In honor of "What Matters to You?" Day on June 6, IHI asked our teams to consider what mattered in the work we are doing across North America. We are pleased to see the message of
“What Matters” permeating our work.
With support from Pfizer Independent Grants for Learning and Change, IHI is working with seven US-based teams on medication optimization. A key driver for this work is engaging with patients in shared decision making about treatment. By understanding what matters to patients, providers are able partner with patients to pursue the course of action best suited to their goals and lifestyle. Understanding patients’ needs and preferences related to side effects, cost, how and when a medication is taken and in what formula, and other considerations is necessary to arrive at the best treatment decision with each patient, including, in some cases, the decision to forego medication therapy.
Maternity Health Outcomes
IHI’s initiative to improve equity, dignity and safety in maternity health outcomes is working to align what matters most to women in the community and connect their beliefs to the health systems that serve them. The IHI Blog post,
“How Can You Address Maternal Mortality Disparities?”, acknowledges that women of color have been outspoken about negative experiences and the maternal morbidity and mortality crisis impacting black women in the United States. As we embark on this new initiative, we urge maternal and infant health professionals to partner with women on improvement efforts. This work is funded through a grant from Merck for Mothers.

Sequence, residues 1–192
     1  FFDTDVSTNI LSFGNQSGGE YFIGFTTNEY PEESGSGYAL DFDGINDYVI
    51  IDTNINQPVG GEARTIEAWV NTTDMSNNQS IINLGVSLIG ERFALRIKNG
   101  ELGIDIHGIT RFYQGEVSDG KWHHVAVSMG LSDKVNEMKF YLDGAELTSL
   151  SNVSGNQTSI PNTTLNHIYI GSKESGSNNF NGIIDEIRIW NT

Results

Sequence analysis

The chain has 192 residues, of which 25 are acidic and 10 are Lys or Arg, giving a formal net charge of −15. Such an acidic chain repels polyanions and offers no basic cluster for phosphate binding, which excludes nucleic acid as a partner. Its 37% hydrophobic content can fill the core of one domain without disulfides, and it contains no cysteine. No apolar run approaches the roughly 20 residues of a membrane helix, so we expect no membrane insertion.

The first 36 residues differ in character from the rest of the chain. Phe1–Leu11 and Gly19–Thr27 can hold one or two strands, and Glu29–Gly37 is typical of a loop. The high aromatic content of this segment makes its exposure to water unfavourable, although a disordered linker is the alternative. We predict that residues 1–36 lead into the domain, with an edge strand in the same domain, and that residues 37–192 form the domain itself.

In April 2019, IHI sunset a two-year initiative called
Pursuing Equity. With funding assistance from the Rx Foundation and Bristol-Myers Squibb Foundation, eight participating health care organizations worked with IHI to reduce inequities in health and health care by testing and implementing a
comprehensive framework. Some participating teams, like Vidant Health, act as anchor institutions for their communities. They joined Pursuing Equity to better serve their local counties and figure out what mattered to the community and their workforce, which are one in the same. Julie Oehlert, Chief Experience Officer of Vidant Health, describes this further in the IHI Blog post,“Are Love and Empathy the Keys to Health Equity?”, discussing key elements such as pay equity, job requirements, town hall discussions, and authentic community partnership.
Better Care Playbook
Individuals with complex health and social needs are a heterogeneous population that includes many segments, including older adults, people with multiple chronic conditions, and people with behavioral health needs, among others. However, this diverse population is bound by the fact that current health care systems are failing to meet their needs. The good news is that growing concerns around costs, poor outcomes, and piecemeal approaches to care have given way to a growing movement to address these systemic issues on multiple levels.
Better Care Playbook, developed by IHI with funding from six partner foundations, represents one step toward redesigned care for people with complex needs. With hundreds of tools and resources to redesign care, the Playbook supports health system leaders and payers in developing a deep understanding of what matters to people with complex needs and to work with these individuals and their families to co-design improved care.
100 Million Healthier Lives